Impeccably Acted Prince Unhappily Uneven
On his deathbed in Paris, Oscar Wilde (Rupert Everett) looks back on the various bits and pieces of his life. His release from prison has not resulted in the resurrection of his once great career. It has not brought him peace. Instead, it has only hastened his bankruptcy and fueled his oftentimes unbearable depression. As the days meld one into the other and each night seems to linger on longer than the one before, Wilde wonders if his former fame was nothing more than an illusion, and if those who once professed to love him only did so out of callous self-interest.
An obvious labor of love for director/writer/star Everett, The Happy Prince is as well-intentioned and as sumptuously mounted a historical drama as anything I’ve seen this year. Featuring a stellar supporting cast which includes the likes of Colin Firth, Emily Watson, Colin Morgan, Tom Wilkinson and Edwin Thomas, sporting exquisite production design courtesy of Brian Morris (Wimbledon) and a suitably mournful score from Oscar-winner Gabriel Yared (The English Patient), there’s plenty about this production to get excited about. Throw in a performance from Everett that’s as lived-in and emotionally complex as any the acclaimed actor has ever given (who is no stranger to Wilde what with his roles in An Ideal Husband and The Importance of Being Earnest for film and David Hare’s The Judas Kiss on the stage), and there’s plenty here to get excited about.
Even with that being the case, I cannot say I was quite able to embrace The Happy Prince as fully and as contentedly as I wanted to. Everett’s movie has trouble maintaining dramatic momentum. There’s an observational tediousness to the story as he has presented it that grows increasingly wearisome as events progress to their conclusion. For whatever reason, I kept feeling like the film was insistent on keeping me at arm’s length, and as such these latter days of Wilde’s life never captured my emotions in the ways I’m certain they were intended to. As deeply passionate as Everett’s performance is, as tearfully austere as the final moments of this story prove to be, I still came away more impressed with the work involved in making this motion picture a reality than I was with the actual overall finished product.
Not to say I feel Everett’s directorial debut isn’t worthy of a look. There are some superior moments here, not the least of which are any of the scenes between he and frequent collaborator Firth (who’s admittedly a little too old to be playing friend Reggie Turner; thankfully he’s so much fun to watch I can’t say the historical inaccuracy of his portrayal bothered me all that much). There is a convivial joy to their dual performances that’s transfixing, and no matter how dark or tragically depressive the material became there’s something about the sight of these two great actors working together in such relaxed tandem that’s frequently glorious. I was also taken with Morgan as Wilde’s lover Lord Alfred Bosie Douglas, the flippant pansexual tempestuousness of his performance tossing wild jolts of unhinged chaos into a movie that could honestly have used more of it.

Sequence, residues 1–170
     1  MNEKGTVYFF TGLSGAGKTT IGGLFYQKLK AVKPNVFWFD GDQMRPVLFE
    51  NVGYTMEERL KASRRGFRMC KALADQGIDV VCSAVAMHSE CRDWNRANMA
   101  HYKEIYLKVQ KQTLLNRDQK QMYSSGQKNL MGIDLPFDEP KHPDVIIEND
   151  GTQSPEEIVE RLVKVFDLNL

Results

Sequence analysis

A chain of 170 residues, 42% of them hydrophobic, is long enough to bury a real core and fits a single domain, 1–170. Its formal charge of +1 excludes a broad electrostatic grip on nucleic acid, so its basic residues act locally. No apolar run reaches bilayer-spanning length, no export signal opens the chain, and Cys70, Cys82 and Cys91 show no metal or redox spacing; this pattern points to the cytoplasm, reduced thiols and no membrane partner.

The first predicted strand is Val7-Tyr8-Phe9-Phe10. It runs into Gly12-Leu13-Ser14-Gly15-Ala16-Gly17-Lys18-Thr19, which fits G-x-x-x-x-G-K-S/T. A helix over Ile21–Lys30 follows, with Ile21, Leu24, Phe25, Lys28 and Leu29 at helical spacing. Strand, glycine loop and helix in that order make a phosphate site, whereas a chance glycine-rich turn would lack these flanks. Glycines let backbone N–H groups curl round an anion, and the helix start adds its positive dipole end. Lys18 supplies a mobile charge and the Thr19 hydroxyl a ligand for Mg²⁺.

Then there is Everett. While the prosthetic makeup he ends up having to wear isn’t the best I’ve ever seen, none of that diminishes the actor’s show-stopping turn as Wilde. Everett always appears to be in control, continually has a handle on who the character is and what is going on with him at whatever point in time the story happens to be focusing on at any given second. There is a melancholic sensuality to his portrait of the sickly playwright and author I found fascinating, the actor’s passionate commitment to living every moment of the story as if it were happening right as the viewer is watching it borderline magnificent.
I’m a little frustrated that I didn’t enjoy the movie more than I ultimately did. I kept feeling like all of the insights Everett was building towards were much too obvious, and I never had the sensation that he was digging for any deeper truths that might lead me to a new understanding of Wilde that I had never contemplated before watching his film. While it looks stunning, and while many of the performances are outstanding, The Happy Prince never engaged all of my emotions, all of which sadly makes it a Wilde biopic where the wit upstages the heart and the clever isn’t nearly shrewd enough to conceal its more noticeable shortcomings.
– Review reprinted courtesy of the SGN in Seattle
Film Rating: 2½ (out of 4)